Rina Sawayama – ‘Hold The Girl’: NME Review

Rina Swayama It is something of a mixed kind. Over the course of her second record, Hold The Girl, we witness the ecstasy, British indie, alternative rock of the ’90s, 2000s Avril Lavigne-Soft rock in style and beyond, with these broadband headphones with their sharp musical vision. It’s an audio reflection of how we can consume music in 2022. With streaming, it’s literally easier to listen to anythingWe’re less genre-guided, and have playlists that cycle between garage and country at the press of a button — or in the case of the title track of Sawayama’s latest album, all in one song.

This creative innovation has characterized previous Sawayama projects. 2017’s mini album ‘Rina’ was stuffed with sparkling hooks straight from Britney Spears or NSYNC playbook, but they sat along grizzly or hyperactive guitar tracks or psychopathic productions. Debut album of 2020soyama, meanwhile, was a critically acclaimed scrapbook of metallic, Y2K nostalgia, R&B, and 2000s pop music. This amazing project earned its place on a few “Best of 2020” lists, accelerating Swayama down the path she’s seen collaborating with ever since. Elton John (They reworked the awesome “Swayama Chosen Family”) and appeared lady gagaRemix album 2021 “Dawn of Chromatica”.

She settled down to start writing the “Hold the Girl” she belonged in during the “SAWAYAMA” era coming to an end and went into the process, she said, with the goal of writing “big songs,” which is evident throughout. Take “Frankenstein”, a huge tablet from the early twenty-first century remember agglomeration partySilent Alarm. Perhaps that’s not surprising: Producer Paul Epworth, who also fiddled with knobs on the original classic record, took on trac’s production responsibilities, even drafting in former Bloc Party drummer Matt Tong to contribute. It’s a massive tune, Sayyama’s announcement that “I don’t want to be a monster anymore / I don’t want to be a monster” Powered by an insane rhythm section.

However, Big doesn’t necessarily mean producing towering rock songs. The title track on the album ‘This Hell’ is tongue in cheek Shania Twin– Debt Crusher removes homophobic opinions (“Does the Lord hate us? Well then / Fasten your seat belts – at dawn we will ride ”)shouting symbols “Britney to Lady Die and Whitney” Along the way. There are cavernous moments of industrial dance too, like for whom I love– With the help of “holy”. The Irish producer adds moments of trance to the pieces, their shimmering blending offset by bass and ominous rhythms.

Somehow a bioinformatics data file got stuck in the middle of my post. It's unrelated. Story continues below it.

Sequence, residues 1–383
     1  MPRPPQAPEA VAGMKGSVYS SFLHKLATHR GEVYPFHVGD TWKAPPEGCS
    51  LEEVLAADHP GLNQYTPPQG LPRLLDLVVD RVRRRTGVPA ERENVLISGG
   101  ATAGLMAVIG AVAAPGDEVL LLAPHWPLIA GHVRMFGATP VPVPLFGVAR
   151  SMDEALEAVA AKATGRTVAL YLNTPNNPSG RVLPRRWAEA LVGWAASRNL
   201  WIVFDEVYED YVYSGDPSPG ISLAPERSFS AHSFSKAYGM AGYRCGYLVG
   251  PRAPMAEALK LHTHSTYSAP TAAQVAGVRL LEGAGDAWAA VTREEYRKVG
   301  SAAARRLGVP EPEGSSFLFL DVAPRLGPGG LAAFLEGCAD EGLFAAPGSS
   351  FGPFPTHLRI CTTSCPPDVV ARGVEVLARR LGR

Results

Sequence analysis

Meanwhile, the ‘hurricanes’ could have been plucked straight from earlier Kelly Clarkson Recording and Imagining is a plasterboard from the modern garage. This genre-hopping is anchored by Sawayama’s laser-accurate melodies and hooks, which maintain a criss-cross line on “Hold the Girl,” distinctive lyricism. Despite creating an album – largely high-octane – of songs that are set to star in the live arena (Sawayama is a marvel on stage and took home the trophy for Best live action in BandLab NME Awards 2022), there is also an impressive level of intimacy on display here.

“Hold the Girl” – the phonetic answer to the question: “What if the “music” era Madonna Went to a party in the warehouse…? – wrote after Swayama He underwent treatment. “[I] She said, “She had a revelation, so I decided to write this song…that was her beginning. I was crying before going to the studio to write about it.” Above powerful blows and through earworm hooks, Sawayama escapes in hard truths: “Sometimes I feel guilty about the promises I made to my younger self.”.

lyric force round However, the album is the amazing “Send My Love To John”. An animated modern country melody, inspired by a friend who has struggled with homophobia from his mother all his life. Out of the blue one day, when she hung up, the mother ended the call with the words, “Send my love to John,” acknowledging her child’s partner for the first time. The track was written from a parent’s point of view and created as a song for those who might not receive an apology from certain people in their lives.

With bass guitars backed by cohesive harmonies, Sawayama chords deliver the devastating words: “And I’m sorry for the things I’ve done / False love / To my only son / I try to protect you, but I think I was wrong / So I send my love to John.” It’s a song with great impact, and a show of the strength that quiet moments can endure.

While Hold the Girl is filled with often disparate voices, it is rooted in moments like these. Musical genres may come and go, but Sawayama’s second album is defined by her ability to mold each of these sounds into big, sassy pop songs. British pop album of the year.

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Release date: September 16

tag record: dirty blow

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